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Micro Tuners

kevgermany

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I post this not to start a fight, but for info.

I asked my tech today if he'd be able to free off the mcro tuner on one of my Kohlerts. Reply was interesting....

1 -.Yes, can be done, no problem.
2 - But don't use it as when you tune with that it messes up the overall intonation due to the non-tapered part of the neck.
3 - Recommendation was that if I want to have it done, he'd do it, but then I should tune in the normal way by moving the mouthpiece on the cork...

This guy knows what he's doing, makes parts for Epplesheim, services a lot of instruments for the musicians in the Munich orchestras....
 

Ivan

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Heh heh heh

Non-tapered part

Thought as much
 

jbtsax

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Beautiful Springville, Utah USA
If you have a working saxophone with a micro tuner, you might try this test.

Tune to low F# (A concert) moving the mouthpiece on or off the cork with the tuner in the shortest position.
Play a C scale in two octaves one note at a time without lipping one note at a time. Have a helper record the intonation without you looking at the tuner.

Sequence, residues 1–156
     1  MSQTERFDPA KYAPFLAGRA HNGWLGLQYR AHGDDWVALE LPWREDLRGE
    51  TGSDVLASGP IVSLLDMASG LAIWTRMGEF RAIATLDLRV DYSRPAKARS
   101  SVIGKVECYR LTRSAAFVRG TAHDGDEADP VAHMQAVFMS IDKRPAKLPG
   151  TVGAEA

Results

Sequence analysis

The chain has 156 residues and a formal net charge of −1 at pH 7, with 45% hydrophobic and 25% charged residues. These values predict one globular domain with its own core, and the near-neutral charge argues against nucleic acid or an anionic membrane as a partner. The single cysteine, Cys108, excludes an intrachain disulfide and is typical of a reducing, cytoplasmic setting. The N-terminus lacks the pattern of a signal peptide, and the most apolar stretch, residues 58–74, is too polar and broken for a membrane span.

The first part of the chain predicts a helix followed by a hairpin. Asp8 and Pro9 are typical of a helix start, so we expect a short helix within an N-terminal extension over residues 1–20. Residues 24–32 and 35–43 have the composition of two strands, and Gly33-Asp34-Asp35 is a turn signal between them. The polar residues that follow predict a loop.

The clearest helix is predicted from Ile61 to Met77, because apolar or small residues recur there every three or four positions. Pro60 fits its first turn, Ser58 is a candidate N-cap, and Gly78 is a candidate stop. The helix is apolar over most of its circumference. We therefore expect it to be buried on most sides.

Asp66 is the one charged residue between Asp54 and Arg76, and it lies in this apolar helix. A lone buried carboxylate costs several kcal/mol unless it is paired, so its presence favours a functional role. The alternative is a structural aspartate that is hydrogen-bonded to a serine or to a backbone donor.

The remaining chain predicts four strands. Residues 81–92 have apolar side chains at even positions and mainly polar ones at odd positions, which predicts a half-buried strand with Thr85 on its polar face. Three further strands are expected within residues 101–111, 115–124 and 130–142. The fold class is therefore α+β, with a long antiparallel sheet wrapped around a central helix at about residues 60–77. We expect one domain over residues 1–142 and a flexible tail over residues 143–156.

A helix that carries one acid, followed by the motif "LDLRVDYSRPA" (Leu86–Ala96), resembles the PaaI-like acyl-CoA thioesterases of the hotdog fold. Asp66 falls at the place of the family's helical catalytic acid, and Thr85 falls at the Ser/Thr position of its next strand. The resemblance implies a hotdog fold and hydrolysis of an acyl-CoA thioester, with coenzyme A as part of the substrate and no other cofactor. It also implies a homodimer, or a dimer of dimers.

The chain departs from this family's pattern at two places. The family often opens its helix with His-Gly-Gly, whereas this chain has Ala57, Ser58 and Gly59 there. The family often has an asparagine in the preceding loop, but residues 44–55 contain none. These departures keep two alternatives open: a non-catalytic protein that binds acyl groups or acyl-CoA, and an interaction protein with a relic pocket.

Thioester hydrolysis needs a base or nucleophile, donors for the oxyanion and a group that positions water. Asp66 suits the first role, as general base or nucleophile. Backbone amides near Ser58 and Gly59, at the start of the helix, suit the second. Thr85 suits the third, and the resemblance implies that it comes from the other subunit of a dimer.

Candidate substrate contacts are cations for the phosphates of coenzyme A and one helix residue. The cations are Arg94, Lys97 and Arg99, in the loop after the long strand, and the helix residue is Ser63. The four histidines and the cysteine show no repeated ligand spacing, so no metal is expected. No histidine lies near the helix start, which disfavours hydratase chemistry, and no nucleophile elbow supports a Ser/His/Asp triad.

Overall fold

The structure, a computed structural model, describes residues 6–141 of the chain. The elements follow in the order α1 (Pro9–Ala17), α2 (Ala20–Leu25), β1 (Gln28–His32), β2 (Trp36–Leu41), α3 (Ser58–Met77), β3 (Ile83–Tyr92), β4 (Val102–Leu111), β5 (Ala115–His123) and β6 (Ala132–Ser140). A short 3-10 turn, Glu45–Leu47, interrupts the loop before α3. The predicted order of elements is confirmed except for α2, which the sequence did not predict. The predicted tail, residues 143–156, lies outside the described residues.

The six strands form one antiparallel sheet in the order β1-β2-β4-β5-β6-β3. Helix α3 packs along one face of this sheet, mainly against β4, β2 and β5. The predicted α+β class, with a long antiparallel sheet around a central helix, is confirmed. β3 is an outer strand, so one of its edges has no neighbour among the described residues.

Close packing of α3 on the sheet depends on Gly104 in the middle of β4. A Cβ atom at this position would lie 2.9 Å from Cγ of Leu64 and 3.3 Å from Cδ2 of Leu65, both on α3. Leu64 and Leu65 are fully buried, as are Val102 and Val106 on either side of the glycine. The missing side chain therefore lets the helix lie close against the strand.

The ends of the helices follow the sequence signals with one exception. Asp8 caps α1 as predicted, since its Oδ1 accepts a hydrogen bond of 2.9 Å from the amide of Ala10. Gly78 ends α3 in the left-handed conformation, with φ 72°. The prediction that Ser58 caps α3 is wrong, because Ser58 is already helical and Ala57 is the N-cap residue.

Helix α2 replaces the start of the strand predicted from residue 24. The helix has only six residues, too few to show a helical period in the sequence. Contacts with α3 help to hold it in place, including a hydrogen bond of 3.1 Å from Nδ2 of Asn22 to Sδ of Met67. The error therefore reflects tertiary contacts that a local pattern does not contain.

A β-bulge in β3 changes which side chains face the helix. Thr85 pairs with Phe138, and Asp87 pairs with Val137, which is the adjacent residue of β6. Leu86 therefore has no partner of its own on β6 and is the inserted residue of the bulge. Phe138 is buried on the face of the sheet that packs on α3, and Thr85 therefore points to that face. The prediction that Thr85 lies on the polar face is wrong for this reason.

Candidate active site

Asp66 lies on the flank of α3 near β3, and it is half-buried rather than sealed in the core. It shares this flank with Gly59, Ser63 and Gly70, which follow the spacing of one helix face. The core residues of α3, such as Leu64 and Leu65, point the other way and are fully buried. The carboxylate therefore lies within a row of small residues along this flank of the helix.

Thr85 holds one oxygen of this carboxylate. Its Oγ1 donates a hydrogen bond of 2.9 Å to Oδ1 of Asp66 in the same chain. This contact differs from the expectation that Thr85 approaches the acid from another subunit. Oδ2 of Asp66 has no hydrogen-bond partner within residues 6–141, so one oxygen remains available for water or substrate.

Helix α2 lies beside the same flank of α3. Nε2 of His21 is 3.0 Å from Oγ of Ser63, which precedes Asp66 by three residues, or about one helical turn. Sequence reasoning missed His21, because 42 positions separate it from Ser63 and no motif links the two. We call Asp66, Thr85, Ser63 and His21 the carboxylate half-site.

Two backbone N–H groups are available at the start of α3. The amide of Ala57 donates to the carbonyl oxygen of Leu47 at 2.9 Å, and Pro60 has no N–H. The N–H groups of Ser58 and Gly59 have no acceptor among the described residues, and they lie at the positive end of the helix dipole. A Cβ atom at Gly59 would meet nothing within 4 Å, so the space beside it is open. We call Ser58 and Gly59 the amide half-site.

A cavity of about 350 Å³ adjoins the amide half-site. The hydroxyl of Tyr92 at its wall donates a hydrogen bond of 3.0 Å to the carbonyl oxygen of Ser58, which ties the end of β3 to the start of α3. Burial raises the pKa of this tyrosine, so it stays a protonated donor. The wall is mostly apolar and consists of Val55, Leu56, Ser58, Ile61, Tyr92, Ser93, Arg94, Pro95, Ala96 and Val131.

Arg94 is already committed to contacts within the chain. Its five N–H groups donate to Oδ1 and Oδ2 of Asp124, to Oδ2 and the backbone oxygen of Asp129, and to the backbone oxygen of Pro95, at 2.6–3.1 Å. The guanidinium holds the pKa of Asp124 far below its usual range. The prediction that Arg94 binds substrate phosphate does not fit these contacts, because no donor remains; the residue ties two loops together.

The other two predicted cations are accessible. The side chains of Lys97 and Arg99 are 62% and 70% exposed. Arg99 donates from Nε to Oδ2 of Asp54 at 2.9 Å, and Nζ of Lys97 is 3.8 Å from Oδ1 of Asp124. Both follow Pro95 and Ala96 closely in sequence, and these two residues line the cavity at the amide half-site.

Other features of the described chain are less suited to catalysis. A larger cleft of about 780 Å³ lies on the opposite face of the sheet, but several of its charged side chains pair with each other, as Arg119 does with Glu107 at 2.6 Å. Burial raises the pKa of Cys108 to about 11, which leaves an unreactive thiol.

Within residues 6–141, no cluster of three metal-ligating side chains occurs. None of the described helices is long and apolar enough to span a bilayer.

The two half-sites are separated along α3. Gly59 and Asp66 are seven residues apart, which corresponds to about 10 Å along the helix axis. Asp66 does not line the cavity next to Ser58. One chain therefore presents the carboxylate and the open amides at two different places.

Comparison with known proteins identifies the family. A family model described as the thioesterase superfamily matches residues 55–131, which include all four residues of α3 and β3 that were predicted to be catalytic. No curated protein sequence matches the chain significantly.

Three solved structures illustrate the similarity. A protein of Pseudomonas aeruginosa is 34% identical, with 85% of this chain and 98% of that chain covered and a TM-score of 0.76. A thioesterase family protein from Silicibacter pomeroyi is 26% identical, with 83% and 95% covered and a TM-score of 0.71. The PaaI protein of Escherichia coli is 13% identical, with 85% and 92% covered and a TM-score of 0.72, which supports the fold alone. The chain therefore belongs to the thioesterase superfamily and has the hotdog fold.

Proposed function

Then tune to low F# with the mouthpiece all the way on the cork and bring the sax down to pitch by using the tuner to lengthen the end of the neck. Do the same scale, and have the pitches recorded.

Compare the intonation of each type of tuning. It should provide at least a partial answer to this question.
 

jbtsax

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Thanks. I reread your post and you didn't indicate you had the work done. I freed one a while back using Stephen Howard's excellent article and advice from other techs. I remember having to make a special tool and using lots of PB Blaster.

I honestly don't know the acoustic properties of the microtuner neck since I have not done any tests or read any specific studies related to it. However, I do want to share some information to help put "cylindrical" neck areas into perspective. Pictured below is a detailed measurement I made of my Selmer SBA alto neck when I was working on trying to calculate the length and volume of the missing cone. You will note that the first 50mm from the opening (where the cork is located) is very nearly cylindrical increasing only 1mm in diameter in a 50mm span. The last 21mm is also perfectly cylindrical where the neck tenon fits into the receiver. As you can see saxophone necks are not evenly or perfectly tapered tubes to begin with.

 

kevgermany

ex Landrover Nut
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21,912
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Just north of Munich
Yes. I seem to remember reading that one or more makers made the tenon internals conical, but gave up as it made little/no difference, just cost more.

The old German ones are different to the US ones. There's no obvious way of getting the cover off, looks as if it may be pressed or clipped in or screwed. But it won't turn and I'm not going to force it. It's been soaking in Wd40 for a couple of years, but nothing gives. I tried finding something on the web, but drew a blank. Probably very similar inside, though.
 

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